Difference Between Population and Sample
Population vs Sample
The word “population” simply means the body or the total number of inhabitants of the same species in a place or territory, whether it’s a country, city, state, or any area or district. It could also mean or pertain to a particular race or class. An example of this is the native population and the student population. Populations can either be small or large depending mostly on the geographical area that you are focusing on. In statistics, however, it gives us a slightly different meaning for the word “population.” In statistics it may refer to individuals that are not necessarily animate. It is the group of data, individuals, specimen, or items from which you are to get your information for your statistical study. Population is also sometimes called “universe.” It is the full or entire collection to be analyzed or studied. It holds the total subject of interest.
A sample is a small portion or part taken from something whether it’s a particular race, inhabitants, data, or items to show or to be the representative of the whole. Its significance to statistics is fairly similar to its original meaning. In statistics, a sample represents a portion of the population you are going to test or study. In other words, it is a subset of the population. It is a slice of it and all of its characteristics. A sample should be randomly drawn so that there are no biases and you will be sure that your sample covers all the characteristics of your chosen population otherwise your result is invalid. In short, we can simply say that every individual of the sample that you have taken is a member of your target population. It is helpful to get samples because it is difficult to study and obtain your needed information from the entire whole.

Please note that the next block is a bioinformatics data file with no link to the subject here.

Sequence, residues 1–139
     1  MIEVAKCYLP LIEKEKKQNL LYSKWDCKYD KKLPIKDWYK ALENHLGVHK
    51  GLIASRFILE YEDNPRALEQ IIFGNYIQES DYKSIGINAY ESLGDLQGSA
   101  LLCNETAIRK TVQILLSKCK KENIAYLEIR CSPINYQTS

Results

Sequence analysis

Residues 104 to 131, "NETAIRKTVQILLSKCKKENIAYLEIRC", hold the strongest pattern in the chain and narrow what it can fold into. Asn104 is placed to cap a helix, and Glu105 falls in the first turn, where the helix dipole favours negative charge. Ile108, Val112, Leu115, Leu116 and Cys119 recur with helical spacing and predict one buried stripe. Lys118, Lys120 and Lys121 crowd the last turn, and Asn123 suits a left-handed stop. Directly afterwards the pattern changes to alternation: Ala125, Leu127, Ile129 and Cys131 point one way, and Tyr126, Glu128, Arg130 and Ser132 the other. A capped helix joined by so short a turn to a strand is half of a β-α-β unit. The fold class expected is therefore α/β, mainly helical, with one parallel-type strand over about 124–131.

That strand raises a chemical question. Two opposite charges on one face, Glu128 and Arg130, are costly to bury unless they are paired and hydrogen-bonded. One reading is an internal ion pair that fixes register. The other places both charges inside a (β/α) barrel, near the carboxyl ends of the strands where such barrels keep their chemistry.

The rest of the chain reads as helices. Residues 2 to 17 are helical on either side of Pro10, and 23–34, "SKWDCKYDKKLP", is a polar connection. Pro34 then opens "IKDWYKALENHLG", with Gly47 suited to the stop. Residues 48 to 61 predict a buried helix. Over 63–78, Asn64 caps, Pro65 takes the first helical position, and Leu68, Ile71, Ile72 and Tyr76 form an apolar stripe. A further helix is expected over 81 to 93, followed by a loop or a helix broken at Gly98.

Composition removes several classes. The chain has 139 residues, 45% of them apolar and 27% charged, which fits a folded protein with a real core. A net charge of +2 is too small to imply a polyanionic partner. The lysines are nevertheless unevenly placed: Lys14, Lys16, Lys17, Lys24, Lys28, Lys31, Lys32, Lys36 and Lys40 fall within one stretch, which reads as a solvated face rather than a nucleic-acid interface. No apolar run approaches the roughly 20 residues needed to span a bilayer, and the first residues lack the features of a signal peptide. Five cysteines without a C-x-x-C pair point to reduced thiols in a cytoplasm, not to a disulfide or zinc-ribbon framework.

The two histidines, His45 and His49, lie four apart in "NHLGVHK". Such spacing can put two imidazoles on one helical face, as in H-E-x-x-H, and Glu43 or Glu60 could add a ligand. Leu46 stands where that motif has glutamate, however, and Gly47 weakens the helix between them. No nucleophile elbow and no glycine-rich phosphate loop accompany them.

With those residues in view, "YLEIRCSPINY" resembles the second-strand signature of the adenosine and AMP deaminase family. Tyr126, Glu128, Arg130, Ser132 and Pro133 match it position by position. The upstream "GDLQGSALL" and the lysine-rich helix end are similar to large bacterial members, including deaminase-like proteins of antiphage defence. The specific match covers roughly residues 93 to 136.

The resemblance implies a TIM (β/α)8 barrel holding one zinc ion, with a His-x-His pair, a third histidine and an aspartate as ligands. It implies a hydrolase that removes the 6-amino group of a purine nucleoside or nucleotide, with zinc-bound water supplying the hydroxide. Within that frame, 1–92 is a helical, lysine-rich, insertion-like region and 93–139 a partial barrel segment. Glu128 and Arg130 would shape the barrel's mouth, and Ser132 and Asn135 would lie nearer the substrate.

Here are some advantages why we gather samples instead of surveying or studying the whole population. First of all, in researching and gathering your information, it would be costly and very impractical to actually be working on the whole rather than just having random samples. Always keep in mind that samples also possess the characteristics of the population. You don’t need to survey everyone just to get the idea of their qualities. Secondly, it saves time to just focus on your sample. It would take a long time to survey, gather information, and analyze the results from the population as a whole. Because of it being time consuming and having a lot of data to analyze, the possibility of committing errors are higher. You have a bunch of data that you might over look. Comparing samples from the population, samples are more controllable and easier to handle and study. Always be sure that your sample is randomly taken so that you will have a better view of the qualities or information that you are looking for in the population.
1.When you are talking about the population, it is pertaining to the whole. A sample is a part of the population that you randomly choose to represent the whole.
2.Every member of your sample belongs to the population. Meaning every individual in your sample bears the characteristics of the population.
3.To have more accurate results in your study, you must choose your sample randomly and without any biases.
4.Conducting a survey or study to the whole population has a greater possibility of having erroneous results than having to study only your controlled sample.
5.The population bears the whole subject of interest while the sample is just a part of the subject of interest.
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